Consumers were surveyed at the 2004 Philadelphia Flower Show in Philadelphia, Pa. from 8–10 Mar., to quantify their attitudes and behaviors towards invasive plant species and the potential problems associated with purchasing and planting invasives in the landscape. A majority of the 341 participants (81.5%) was aware that non-native exotic plants were used in the landscape and that these plants may be invasive in natural areas. Less than half (40.1%) acknowledged owning plants that were considered invasive, while one-third (33.5%) did not know. Less than half (41.3%) believed that laws should be passed to prevent sale of non-native exotic plants, while 27.8% believed that laws should be passed to allow sale of only native plants in their area. Three distinct consumer segments were identified using cluster analysis: “Invasive savvy,” participants knowledgeable about invasives and interested in alternative species; “Invasive neutral,” participants neutral in their decision to purchasing alternatives to invasive plants and price sensitive in regard to paying more for plants tested for invasiveness; and “Invasive inactive,” participants opposed to purchasing genetically modified plants or those bred to be seedless. Survey results indicated that media sources (e.g., television and newspapers/magazines/books) would be effective for educating consumers about potential problems associated with invasive species in the landscape.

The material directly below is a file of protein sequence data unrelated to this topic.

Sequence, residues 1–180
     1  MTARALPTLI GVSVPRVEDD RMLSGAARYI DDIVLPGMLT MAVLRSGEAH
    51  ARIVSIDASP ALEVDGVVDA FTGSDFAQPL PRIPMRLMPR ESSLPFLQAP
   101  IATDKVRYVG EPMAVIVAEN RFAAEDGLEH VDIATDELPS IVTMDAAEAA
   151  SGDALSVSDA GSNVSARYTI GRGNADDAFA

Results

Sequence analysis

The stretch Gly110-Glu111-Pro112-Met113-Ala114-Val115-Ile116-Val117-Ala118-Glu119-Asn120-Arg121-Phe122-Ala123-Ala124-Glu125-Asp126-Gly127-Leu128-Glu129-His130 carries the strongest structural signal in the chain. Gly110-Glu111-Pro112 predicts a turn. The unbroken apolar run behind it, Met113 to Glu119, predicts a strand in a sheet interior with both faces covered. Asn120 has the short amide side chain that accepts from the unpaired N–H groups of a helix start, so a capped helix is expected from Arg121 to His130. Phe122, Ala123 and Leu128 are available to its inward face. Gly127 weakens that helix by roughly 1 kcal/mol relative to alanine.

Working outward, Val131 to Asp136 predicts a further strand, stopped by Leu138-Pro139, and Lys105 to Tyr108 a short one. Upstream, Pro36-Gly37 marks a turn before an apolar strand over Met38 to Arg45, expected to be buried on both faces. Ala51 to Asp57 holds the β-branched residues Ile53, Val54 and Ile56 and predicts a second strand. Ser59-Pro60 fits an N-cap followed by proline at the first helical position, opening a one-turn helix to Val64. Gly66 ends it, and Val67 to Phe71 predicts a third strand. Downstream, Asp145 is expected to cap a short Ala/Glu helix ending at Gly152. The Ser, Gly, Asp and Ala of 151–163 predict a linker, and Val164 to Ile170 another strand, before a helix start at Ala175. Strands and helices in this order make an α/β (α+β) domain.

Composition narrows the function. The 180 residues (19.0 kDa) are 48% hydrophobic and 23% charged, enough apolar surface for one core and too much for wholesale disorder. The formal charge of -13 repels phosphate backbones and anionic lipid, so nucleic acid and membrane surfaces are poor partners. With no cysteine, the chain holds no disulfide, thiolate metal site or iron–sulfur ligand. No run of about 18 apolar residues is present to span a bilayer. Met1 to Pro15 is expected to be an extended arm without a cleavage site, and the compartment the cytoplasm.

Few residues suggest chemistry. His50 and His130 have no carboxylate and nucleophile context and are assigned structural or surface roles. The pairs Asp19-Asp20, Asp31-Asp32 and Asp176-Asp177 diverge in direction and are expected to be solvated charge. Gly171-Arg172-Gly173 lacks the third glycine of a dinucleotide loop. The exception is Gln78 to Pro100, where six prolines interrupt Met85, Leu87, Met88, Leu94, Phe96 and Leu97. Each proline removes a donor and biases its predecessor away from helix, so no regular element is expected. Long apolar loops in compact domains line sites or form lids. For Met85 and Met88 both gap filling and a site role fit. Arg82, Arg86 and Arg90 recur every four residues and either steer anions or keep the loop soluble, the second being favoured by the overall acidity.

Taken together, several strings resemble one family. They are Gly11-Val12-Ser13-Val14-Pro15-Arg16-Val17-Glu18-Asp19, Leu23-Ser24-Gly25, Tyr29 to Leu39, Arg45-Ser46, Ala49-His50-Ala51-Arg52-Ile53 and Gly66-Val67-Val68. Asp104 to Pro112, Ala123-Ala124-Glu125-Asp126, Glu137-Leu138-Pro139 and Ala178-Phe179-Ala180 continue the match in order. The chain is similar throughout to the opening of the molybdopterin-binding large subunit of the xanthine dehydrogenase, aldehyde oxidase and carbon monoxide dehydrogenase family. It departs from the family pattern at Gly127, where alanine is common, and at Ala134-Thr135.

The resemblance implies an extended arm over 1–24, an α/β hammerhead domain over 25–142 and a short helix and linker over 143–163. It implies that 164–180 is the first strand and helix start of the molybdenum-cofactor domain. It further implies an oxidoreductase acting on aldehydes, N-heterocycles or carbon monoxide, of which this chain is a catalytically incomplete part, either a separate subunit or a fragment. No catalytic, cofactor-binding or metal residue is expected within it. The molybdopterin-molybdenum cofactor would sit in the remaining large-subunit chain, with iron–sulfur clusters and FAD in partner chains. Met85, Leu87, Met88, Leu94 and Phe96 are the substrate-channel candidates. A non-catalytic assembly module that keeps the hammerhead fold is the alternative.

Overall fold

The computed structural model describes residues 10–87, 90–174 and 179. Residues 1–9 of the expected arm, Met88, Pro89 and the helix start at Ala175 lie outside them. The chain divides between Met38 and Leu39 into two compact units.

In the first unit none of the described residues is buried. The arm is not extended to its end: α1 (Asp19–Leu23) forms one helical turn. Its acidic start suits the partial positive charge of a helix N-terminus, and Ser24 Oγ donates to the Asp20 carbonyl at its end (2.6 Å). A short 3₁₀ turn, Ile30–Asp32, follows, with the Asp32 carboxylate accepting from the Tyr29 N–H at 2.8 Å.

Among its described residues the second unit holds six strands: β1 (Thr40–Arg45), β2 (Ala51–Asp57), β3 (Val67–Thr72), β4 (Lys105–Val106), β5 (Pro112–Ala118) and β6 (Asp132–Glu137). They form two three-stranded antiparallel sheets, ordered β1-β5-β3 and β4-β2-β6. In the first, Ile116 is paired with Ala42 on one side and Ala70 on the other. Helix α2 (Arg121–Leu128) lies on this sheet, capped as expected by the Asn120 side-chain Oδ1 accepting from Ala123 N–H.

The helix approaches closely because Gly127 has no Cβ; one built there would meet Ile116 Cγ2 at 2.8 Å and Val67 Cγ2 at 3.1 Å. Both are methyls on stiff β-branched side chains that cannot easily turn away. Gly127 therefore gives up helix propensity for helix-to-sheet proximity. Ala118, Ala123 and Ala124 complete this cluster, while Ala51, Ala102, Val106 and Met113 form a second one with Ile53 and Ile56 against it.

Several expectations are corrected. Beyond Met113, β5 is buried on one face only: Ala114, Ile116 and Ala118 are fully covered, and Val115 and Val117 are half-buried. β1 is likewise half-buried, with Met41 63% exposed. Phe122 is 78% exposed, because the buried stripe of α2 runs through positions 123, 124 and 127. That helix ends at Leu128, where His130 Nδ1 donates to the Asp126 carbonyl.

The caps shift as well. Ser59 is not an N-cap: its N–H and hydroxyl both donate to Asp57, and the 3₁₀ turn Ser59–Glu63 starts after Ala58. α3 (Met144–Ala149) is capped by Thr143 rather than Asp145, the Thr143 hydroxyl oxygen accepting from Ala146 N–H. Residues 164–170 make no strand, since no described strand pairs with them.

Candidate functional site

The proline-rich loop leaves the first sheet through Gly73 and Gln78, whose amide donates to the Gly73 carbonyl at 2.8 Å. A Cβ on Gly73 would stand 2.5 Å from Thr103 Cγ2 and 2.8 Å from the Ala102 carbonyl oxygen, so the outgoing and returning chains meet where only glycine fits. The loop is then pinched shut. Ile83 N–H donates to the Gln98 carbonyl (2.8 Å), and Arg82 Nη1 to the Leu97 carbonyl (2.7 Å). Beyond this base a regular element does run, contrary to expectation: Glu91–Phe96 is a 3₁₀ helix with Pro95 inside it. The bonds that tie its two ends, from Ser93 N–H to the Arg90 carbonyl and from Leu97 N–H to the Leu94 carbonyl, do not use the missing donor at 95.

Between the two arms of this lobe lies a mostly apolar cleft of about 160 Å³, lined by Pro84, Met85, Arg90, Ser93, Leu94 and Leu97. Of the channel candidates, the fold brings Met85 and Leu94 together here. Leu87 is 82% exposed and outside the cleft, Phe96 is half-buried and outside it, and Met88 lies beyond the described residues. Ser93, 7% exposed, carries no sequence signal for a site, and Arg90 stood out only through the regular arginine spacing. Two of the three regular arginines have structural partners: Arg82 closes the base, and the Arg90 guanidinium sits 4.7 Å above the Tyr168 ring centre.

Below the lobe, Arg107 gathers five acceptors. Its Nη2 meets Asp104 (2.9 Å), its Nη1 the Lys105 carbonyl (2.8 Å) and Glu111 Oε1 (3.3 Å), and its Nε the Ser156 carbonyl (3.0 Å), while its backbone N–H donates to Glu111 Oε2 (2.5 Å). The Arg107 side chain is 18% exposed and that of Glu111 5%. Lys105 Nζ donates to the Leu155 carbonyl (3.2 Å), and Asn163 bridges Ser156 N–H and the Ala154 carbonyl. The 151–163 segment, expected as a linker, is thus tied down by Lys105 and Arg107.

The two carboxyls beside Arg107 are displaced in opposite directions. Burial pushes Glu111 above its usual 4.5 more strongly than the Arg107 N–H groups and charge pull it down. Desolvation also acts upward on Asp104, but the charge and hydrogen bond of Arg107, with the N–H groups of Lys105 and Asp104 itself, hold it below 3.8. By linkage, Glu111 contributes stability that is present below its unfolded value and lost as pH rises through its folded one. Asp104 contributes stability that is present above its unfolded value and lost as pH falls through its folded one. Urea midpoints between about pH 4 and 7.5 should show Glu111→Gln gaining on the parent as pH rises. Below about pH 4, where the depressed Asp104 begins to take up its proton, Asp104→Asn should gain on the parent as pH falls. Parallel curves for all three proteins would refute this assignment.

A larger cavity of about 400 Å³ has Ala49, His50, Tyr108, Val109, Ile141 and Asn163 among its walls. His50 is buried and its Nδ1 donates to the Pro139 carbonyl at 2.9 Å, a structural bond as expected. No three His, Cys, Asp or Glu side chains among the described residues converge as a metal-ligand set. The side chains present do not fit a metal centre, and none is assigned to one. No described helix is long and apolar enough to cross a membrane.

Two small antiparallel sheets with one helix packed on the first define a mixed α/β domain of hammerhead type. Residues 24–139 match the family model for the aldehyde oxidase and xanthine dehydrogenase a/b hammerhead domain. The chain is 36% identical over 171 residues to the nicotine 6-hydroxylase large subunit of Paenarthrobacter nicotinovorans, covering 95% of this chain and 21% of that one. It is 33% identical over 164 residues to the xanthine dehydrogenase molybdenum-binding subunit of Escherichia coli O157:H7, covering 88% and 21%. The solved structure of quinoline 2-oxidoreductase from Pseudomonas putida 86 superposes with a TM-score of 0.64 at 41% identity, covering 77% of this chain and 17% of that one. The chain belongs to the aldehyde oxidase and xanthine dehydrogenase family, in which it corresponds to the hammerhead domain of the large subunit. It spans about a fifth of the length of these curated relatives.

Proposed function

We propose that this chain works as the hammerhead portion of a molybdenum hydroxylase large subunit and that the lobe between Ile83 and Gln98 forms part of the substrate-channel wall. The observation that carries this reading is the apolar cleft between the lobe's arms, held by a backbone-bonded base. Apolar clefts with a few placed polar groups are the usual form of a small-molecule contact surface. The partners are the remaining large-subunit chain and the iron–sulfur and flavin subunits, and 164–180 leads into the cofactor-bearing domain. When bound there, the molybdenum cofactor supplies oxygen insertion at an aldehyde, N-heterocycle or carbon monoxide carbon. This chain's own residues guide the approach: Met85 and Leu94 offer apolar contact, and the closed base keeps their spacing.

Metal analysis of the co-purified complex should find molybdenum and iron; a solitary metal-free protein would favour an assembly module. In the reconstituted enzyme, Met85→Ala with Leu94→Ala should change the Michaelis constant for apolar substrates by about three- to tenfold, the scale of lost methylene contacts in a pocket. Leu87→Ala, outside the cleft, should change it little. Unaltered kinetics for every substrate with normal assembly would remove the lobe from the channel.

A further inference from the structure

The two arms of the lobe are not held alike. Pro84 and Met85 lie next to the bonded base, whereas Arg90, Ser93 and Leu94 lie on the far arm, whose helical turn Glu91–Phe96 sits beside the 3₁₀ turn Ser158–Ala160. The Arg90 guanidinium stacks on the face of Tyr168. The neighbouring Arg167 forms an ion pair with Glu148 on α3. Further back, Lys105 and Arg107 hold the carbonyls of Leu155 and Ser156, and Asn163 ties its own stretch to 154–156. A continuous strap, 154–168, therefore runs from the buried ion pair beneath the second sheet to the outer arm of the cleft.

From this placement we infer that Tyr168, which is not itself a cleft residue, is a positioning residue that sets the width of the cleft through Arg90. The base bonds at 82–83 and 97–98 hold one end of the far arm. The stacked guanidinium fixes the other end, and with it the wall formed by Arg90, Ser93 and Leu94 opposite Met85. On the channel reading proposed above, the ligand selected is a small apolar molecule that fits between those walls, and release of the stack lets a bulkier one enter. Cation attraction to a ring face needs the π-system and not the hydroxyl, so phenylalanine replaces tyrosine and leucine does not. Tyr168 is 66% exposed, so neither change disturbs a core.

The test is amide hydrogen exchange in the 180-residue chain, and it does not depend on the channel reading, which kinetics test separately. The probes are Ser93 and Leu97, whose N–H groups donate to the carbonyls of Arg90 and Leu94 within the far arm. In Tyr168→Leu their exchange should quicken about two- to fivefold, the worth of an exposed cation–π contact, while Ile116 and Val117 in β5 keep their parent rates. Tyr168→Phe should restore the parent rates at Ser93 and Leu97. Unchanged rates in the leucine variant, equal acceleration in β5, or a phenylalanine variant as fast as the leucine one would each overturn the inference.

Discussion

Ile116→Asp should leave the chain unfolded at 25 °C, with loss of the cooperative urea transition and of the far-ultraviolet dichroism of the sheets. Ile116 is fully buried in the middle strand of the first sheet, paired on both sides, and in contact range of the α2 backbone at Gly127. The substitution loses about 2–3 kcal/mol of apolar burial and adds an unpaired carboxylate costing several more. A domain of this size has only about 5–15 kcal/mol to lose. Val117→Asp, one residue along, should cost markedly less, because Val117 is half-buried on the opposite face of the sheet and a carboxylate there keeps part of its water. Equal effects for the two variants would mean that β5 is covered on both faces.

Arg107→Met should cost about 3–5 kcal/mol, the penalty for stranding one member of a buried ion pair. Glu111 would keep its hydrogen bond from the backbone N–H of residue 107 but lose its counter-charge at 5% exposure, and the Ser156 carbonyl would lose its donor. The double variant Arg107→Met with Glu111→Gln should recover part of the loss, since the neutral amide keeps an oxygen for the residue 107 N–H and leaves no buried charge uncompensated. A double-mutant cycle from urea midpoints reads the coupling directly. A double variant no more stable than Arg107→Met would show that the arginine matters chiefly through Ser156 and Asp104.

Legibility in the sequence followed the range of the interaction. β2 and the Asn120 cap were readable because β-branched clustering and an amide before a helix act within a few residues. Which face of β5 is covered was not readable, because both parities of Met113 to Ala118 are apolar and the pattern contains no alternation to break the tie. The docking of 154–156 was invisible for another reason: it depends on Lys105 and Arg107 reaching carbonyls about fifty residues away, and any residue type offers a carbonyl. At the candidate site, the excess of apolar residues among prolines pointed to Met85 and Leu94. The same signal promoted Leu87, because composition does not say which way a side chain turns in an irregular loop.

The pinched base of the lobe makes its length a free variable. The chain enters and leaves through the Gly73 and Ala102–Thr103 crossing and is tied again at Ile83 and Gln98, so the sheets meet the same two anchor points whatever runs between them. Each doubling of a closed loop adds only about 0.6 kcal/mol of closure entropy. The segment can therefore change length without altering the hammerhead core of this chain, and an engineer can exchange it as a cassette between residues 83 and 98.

Kwang Jin Kim, Myeong Il Jeong, Dong Woo Lee, Jeong Seob Song, Hyoung Deug Kim, Eun Ha Yoo, Sun Jin Jeong, Seung Won Han, Stanley J. Kays, Young-Wook Lim, and Ho-Hyun Kim
. Indoor plant species tested and their height, leaf area, and fresh weight. The plants were watered every 3 d with the excess water allowed to drain. All plants were watered the day before the gas treatments. One to four pots of each species were
Johnny Carter and Edwin K. Mathews
Paclobutrazol and three commercial growth retardants (B-nine, Cycocel and A-rest) were compared for their effectiveness in controlling the growth of five bedding plant species ('Yellow Boy' marigold, `Blue Blazer' ageratum, `Dreamland Orange' zinnia, `Better Boy' tomato and `Black Beauty' eggplant). Results showed that growth suppression depended on the treatment and species tested. All of the growth retardants suppressed the growth of `Yellow Boy' marigold. Growth of `Blue Blazer' ageratum was suppressed by all the treatments except for Cycocel. With `Dreamland Orange' zinnia, B-nine and Cycocel suppressed growth while Paclobutrazol and A-rest did not have any effect. All of the treatments except A-rest suppressed the growth of `Better Boy' tomato and `Black Beauty' eggplant.